Amputee, 86, teaches herself to paint and draw with left hand

VERSATILE Lillian Prior has taught herself how to draw and create with her left hand.   Picture: Sarah Standing (112545-3797)
VERSATILE Lillian Prior has taught herself how to draw and create with her left hand. Picture: Sarah Standing (112545-3797)
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Parents praise nursing teams who cared for Crookhorn teenager who died of cancer

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SHE may be 86, but Lillian Prior has had to relearn from scratch most things we take for granted.

Whether it is writing a letter, making a cup of tea, or ironing clothes, the pensioner has been forced to teach herself how to do the simplest of things.

Lillian had her right arm amputated two years ago after it became riddled with cancer.

But, when many people would have given up, the determined great-grandmother has relearned how to do everyday tasks with her left hand.

More than that, she has even learned how to paint, write and type. She now has a room full of her craftwork, including dozens of shopping bags she has painted. She makes cards, paints artwork on to umbrellas and plans to set up her own craft stall.

Lillian, of Longlands Road, Southbourne, said she is living proof it is never too late to learn some new skills.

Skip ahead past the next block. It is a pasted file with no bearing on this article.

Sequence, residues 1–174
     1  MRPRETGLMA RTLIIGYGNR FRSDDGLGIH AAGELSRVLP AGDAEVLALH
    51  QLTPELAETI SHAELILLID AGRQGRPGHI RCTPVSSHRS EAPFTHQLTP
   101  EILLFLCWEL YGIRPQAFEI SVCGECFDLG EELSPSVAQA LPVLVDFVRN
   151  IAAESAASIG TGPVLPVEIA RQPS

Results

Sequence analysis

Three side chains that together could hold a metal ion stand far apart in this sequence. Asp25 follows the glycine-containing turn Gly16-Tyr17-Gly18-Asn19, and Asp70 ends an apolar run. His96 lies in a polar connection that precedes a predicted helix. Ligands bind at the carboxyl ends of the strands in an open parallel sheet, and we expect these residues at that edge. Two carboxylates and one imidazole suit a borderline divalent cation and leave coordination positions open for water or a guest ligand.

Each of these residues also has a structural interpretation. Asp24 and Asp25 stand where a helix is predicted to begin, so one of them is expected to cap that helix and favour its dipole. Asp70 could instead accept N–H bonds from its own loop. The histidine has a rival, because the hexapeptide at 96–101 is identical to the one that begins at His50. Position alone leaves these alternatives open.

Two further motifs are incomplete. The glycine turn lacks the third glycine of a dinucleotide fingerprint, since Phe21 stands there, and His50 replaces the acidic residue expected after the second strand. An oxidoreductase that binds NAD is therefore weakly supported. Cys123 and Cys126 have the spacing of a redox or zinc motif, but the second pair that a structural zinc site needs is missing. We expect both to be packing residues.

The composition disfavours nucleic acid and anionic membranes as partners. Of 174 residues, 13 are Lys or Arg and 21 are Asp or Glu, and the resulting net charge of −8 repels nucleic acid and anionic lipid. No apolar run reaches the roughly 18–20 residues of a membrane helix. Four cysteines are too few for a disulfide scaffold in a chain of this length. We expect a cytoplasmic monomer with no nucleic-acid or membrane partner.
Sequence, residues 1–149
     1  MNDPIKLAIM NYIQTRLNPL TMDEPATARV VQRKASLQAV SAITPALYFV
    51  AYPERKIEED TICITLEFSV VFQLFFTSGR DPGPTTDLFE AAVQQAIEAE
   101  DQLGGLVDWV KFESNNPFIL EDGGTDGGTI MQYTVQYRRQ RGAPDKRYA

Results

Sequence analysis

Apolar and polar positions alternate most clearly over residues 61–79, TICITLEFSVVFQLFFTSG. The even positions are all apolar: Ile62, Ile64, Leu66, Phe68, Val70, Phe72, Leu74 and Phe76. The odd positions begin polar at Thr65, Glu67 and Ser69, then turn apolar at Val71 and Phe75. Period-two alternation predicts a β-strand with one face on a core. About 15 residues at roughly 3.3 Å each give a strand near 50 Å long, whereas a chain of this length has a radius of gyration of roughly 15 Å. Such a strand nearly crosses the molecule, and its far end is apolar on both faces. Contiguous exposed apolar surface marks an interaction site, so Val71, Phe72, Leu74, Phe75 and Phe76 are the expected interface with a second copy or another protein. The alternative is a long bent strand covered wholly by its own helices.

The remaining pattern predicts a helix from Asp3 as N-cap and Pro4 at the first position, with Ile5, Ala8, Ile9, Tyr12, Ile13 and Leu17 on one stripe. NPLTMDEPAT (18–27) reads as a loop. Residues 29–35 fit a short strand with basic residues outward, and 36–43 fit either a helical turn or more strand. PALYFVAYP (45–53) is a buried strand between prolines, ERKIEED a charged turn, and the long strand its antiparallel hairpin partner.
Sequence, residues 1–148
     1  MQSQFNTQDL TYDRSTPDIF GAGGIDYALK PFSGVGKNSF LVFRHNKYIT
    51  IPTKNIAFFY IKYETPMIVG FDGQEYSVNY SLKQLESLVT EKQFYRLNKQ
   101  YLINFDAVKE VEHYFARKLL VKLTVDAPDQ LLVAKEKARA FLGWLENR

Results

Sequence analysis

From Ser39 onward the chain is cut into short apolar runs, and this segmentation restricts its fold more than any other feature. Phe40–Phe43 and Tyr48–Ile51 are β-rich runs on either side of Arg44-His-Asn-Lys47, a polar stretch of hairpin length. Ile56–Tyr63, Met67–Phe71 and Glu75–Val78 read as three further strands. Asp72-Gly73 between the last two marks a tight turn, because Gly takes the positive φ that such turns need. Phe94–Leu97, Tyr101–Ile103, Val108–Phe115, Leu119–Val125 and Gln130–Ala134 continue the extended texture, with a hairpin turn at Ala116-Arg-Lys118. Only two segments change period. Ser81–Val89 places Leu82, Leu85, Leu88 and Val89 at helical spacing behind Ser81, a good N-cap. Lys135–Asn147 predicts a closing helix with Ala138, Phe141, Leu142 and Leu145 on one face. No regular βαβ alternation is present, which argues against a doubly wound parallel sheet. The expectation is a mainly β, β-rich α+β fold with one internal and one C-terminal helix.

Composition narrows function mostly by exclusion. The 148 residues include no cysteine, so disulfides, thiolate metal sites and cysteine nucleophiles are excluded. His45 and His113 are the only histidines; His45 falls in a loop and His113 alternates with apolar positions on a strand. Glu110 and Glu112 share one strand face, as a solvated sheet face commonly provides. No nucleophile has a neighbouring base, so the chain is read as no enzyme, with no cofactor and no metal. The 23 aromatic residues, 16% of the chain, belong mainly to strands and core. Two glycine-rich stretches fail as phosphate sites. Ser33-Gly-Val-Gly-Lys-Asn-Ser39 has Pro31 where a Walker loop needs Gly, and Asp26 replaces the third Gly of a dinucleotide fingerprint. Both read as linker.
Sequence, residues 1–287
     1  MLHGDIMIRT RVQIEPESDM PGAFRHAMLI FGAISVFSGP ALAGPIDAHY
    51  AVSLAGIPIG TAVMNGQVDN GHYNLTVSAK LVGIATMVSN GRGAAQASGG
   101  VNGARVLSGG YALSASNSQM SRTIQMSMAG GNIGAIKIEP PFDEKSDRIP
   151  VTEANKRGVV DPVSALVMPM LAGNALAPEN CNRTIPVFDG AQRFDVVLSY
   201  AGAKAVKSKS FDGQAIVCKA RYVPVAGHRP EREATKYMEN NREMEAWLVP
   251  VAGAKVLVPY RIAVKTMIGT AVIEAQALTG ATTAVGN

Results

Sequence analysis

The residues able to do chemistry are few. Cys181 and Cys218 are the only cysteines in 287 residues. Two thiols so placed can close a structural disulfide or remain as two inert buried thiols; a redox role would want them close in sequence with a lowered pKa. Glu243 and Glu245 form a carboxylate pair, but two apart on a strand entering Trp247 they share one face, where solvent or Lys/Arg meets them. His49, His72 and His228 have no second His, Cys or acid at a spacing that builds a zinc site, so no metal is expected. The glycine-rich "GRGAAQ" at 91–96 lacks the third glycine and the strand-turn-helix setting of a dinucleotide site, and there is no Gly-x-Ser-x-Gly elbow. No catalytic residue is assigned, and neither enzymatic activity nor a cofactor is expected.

She said: ‘The arm got so big it was like an elephant’s leg and the pain was ridiculous. I said to the two nurses, do you mind if I have my arm off? They brought specialists in and decided the only option was amputation.

‘I just said get on with it. The next day they took it off.’

She said she started slowly, learning how to use paint brushes.

‘I painted before, but with my right hand,’ said Lillian.

‘I never did anything with my left hand.

‘But I find it amazing the paintings I have turned out.

‘Sometimes they are better than what I did with my right hand!’

Lillian still does her own ironing, cooking and even drives a mobility scooter one-handed to Emsworth and back.

Her ironing board has been fitted to her wall to make it easier for her to use.

She laughed: ‘It’s the best thing since sliced bread! I can just sit and do my ironing.’

Lillian, who is widowed, said she can still feel her right arm.

She said: ‘When I go to bed at night my right arm is stuck up in the air.

‘I can still feel it like it’s in a sling. I have learned to have a great deal of patience.

‘I do miss my right arm – it’s much easier with two arms. Sometimes I get cross that I can’t do things, but then I get on with it.

‘You can be independent if you want to be.’

Lillian now plans to learn how to bowl left-handed.

She said: ‘I went down the other day and had a try.

‘The bowls did not go where I wanted them to.

‘But I am determined to get back to bowls although it’s difficult.’